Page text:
Matthew Schivone: In 1969, addressing a community of mostly students
during a public forum at the steps of MIT, you said: "This
particular community is a very relevant one to consider at a place
like MIT because, of course, youre all free to enter this
community - in fact, youre invited and encouraged to enter
it. The community of technical intelligentsia, and weapons designers,
and counterinsurgency experts, and pragmatic planners of an American
empire is one that you have a great deal of inducement to become
associated with. The inducements, in fact, are very real; their
rewards in power, and affluence, and prestige and authority are
quite significant." Lets start off talking about the
significance of these inducements, on both a university and societal
level. How crucial is it that students understand the function
of this highly technocratic social order of the academic community?
How important it is, to an individual, depends on what that individuals
goals in life are. If the goals are to enrich yourself, gain privilege,
do technically interesting work - in brief, if the goals are self-satisfaction
- then these questions are of no particular relevance. If you
care about the consequences of your actions, whats happening
in the world, what the future will be like for your grandchildren
and so on, then theyre very crucial. So, its a question
of what choices people make.
students a natural audience to speak to? And do you think its
worth speaking truth to the professional scholars?
always uneasy about the concept of "speaking truth,"
as if we somehow know the truth and only have to enlighten others
who have not risen to our elevated level. The search for truth
is a cooperative, unending endeavor. We can, and should, engage
in it to the extent we can and encourage others to do so as well,
seeking to free ourselves from constraints imposed by coercive
institutions, dogma, irrationality, excessive conformity and lack
of initiative and imagination, and numerous other obstacles.
As for possibilities,
they are limited only by will and choice.
are at a stage of their lives where these choices are most urgent
and compelling, and when they also enjoy unusual, if not unique,
freedom and opportunity to explore the choices available, to evaluate
them, and to pursue them.
you put side-by-side, say,
statements by people like
Robert McNamara and V.I. Lenin,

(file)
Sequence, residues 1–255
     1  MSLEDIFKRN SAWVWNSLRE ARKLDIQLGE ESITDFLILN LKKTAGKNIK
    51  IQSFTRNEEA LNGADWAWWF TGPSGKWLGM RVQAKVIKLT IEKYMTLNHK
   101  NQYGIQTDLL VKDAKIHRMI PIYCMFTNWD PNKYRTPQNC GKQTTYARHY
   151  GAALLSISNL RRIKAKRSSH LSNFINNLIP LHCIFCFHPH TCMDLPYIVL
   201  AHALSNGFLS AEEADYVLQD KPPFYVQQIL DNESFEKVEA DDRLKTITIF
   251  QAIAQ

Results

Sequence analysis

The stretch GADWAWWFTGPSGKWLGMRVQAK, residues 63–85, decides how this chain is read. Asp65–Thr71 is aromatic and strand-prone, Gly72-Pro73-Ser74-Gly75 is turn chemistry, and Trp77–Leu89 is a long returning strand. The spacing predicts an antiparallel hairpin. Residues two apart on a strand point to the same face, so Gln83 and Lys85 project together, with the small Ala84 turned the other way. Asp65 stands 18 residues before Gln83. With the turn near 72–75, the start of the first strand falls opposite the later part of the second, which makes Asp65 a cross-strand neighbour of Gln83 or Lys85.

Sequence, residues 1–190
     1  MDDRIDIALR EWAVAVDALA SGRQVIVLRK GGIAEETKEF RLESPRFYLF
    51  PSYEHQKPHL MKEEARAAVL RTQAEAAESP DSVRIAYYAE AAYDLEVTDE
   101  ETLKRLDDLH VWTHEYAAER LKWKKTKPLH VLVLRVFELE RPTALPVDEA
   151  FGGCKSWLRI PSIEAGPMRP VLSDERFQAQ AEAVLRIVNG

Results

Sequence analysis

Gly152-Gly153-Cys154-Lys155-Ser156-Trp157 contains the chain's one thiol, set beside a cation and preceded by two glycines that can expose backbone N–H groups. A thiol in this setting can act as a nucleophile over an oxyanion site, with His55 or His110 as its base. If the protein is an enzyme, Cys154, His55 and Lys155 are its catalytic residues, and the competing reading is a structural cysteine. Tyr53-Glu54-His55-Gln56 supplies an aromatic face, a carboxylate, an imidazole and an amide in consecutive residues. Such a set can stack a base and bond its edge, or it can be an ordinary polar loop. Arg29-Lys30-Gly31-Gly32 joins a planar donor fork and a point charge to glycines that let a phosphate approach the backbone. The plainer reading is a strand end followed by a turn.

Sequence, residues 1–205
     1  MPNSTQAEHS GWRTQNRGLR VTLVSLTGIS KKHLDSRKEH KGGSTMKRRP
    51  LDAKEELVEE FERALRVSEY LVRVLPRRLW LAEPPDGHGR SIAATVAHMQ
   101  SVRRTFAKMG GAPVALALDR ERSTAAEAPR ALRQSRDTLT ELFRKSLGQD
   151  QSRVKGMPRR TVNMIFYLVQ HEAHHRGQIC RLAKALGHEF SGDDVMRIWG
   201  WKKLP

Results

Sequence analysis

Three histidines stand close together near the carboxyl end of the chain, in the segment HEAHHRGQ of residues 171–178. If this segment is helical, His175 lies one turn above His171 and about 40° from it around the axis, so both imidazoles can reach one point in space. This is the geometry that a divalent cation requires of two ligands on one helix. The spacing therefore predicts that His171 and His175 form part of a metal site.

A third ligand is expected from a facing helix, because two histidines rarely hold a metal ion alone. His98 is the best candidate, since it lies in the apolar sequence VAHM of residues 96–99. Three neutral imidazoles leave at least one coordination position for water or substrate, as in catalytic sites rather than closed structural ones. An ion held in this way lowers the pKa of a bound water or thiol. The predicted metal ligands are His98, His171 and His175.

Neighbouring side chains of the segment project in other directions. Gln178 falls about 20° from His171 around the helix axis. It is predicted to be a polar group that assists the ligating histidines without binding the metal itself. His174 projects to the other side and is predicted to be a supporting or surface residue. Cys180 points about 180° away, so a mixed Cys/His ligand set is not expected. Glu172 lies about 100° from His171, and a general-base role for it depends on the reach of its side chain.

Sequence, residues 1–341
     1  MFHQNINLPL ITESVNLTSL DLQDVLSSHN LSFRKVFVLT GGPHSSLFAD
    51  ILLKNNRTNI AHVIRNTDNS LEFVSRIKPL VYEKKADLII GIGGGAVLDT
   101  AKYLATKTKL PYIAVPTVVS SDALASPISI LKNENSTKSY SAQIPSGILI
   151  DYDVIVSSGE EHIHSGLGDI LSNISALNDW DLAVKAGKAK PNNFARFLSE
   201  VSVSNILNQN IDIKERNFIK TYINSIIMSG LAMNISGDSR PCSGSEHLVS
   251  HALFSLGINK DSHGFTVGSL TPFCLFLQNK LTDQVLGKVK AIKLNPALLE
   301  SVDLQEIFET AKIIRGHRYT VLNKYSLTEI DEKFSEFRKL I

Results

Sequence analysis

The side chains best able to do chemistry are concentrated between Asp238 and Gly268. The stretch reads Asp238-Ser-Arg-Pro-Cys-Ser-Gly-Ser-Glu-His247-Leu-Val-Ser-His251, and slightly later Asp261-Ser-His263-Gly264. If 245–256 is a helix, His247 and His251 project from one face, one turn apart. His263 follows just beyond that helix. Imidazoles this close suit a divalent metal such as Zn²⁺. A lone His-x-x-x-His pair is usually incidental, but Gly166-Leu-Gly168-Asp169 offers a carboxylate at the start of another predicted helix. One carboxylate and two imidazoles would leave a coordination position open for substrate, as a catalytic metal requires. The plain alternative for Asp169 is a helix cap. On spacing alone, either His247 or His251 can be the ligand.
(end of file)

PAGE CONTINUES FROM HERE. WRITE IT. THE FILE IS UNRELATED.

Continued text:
theyre strikingly similar. In both
cases theres a conception of a
vanguard of rational planners
who know the direction that
society ought to go and can make
efficient decisions, and have to be
allowed to do so without
interference from, what one
of them, Walter Lippmann, called
the meddlesome and ignorant
outsiders , namely, the population,
who just get in the way.
it about the privileges within university education and academic
scholarship which correlate with a greater responsibility for
catastrophic atrocities such as the Vietnam War or those in the
Middle East in which the United States is now involved?
really some moral truisms. One of them is that opportunity confers
responsibility. If you have very limited opportunities, then you
have limited responsibility for what you do. If you have substantial
opportunity you have greater responsibility for what you do. I
mean, thats kind of elementary, I dont know how it
can be discussed.
And the people
who we call intellectuals are just those who happen
to have substantial opportunity. They have privilege, they have
resources, they have training. In our society, they have a high
degree of freedom - not a hundred percent, but quite a lot - and
that gives them a range of choices that they can pursue with a
fair degree of freedom, and that hence simply confers responsibility
for the predictable consequences of the choices they make.
may we trace the development of this strong coterie of technical
experts in the schools, and elsewhere, sometimes referred to as
a bought or secular priesthood?
goes back to the latter-part of the 19th century, when there was